Sunday, October 10, 2010

Scouting the Field of Economics-Nobel Candidates

Writing for the Globe and Mail, Barrie McKenna runs down Nobel hopefuls in economics. The announcement will be made Monday, October 11.
OTTAWA - They’re overwhelmingly male, American, and their work has probably touched your life in some way, though you may not know it.

That’s the way it is with the Nobel Prize in economic sciences, slated to be awarded Monday. Only one woman has ever won the prize since it was first awarded in 1969. And roughly 70 per cent of past laureates are either American, or dual citizens of the U.S. and another country. Three are Canadian-born – William Vickrey, Myron Scholes and Robert Mundell.

The Nobel Foundation’s six-member economic prize committee keeps close guard on its list of candidates for the prize, worth 10 million Swedish kroner (about $1.5-million). But bloggers, odds-makers and pundits eagerly fill the void with their best guesses. A New Zealand-based online futures dealer (www.ipredict.co.nz) rates British-born Harvard economist Oliver Hart, University of Chicago behavioural economist Richard Thaler and Yale real estate guru Robert Shiller among the top favourites.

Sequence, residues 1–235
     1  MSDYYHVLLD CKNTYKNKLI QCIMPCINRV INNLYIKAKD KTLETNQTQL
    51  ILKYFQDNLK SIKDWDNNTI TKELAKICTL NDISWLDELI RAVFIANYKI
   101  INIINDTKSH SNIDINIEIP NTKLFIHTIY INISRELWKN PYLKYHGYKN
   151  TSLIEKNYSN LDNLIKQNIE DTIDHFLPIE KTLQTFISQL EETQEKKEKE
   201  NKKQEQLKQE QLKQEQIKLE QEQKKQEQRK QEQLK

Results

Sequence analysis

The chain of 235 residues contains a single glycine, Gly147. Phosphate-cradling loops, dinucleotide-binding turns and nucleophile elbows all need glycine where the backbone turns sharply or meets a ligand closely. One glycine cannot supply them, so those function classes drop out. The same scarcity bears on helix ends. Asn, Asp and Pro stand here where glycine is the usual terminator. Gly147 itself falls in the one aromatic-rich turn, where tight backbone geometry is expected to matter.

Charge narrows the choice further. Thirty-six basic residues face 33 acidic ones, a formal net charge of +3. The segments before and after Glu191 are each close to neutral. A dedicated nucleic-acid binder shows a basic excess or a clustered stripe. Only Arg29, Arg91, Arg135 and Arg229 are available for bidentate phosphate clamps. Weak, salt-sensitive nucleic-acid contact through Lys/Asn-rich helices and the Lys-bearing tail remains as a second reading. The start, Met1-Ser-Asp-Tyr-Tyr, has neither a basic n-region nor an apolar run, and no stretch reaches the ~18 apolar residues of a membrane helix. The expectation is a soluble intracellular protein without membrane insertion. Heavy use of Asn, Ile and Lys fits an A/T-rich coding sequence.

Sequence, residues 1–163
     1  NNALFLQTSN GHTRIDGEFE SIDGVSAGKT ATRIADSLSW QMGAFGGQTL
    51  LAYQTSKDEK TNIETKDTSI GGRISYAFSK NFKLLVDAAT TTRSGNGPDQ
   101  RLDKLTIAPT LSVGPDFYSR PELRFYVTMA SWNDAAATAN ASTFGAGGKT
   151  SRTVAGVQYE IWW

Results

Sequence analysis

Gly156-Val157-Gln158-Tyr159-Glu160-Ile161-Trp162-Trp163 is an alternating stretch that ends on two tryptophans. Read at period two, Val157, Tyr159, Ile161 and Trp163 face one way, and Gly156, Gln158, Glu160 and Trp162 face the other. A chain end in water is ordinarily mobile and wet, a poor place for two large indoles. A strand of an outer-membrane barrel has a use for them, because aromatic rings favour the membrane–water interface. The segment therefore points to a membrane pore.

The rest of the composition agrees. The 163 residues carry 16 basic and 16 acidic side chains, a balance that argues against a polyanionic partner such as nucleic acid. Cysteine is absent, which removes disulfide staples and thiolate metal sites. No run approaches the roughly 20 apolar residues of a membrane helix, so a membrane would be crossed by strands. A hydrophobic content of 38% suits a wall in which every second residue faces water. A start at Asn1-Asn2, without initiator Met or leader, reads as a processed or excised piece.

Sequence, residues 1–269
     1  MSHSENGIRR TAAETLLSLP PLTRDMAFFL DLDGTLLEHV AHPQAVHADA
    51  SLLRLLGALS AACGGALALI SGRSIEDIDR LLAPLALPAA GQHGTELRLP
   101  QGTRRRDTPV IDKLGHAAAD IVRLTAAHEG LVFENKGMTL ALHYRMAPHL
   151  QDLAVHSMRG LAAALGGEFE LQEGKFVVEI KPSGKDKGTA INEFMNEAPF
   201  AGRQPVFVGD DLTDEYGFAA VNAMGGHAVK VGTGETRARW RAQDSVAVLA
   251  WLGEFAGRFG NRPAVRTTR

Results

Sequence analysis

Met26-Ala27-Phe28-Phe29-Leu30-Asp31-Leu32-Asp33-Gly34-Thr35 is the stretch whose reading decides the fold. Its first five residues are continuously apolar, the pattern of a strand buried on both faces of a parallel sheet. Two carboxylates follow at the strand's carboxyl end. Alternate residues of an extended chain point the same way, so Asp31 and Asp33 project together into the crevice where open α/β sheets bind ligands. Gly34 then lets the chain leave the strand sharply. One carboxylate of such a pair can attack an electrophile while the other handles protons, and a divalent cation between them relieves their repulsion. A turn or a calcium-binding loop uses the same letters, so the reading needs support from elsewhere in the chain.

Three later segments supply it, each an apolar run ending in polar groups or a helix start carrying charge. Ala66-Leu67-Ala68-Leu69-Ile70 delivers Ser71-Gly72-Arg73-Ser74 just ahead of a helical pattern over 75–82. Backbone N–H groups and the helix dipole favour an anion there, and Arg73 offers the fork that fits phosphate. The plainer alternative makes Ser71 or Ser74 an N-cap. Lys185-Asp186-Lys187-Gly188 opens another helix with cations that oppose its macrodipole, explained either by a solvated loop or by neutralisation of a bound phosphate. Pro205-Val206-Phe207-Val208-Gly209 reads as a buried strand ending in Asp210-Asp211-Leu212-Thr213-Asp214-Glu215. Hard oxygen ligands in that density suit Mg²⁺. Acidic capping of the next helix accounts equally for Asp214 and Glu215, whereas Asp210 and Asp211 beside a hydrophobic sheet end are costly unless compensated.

Here’s a look at several worthy choices, and the work they do . . . . (More)
Speaking for myself and what I would like to happen--not what I predict will happen--I would love to see any of Jagdash Bhagwati, Robert Barro, or Paul Romer garner a win.

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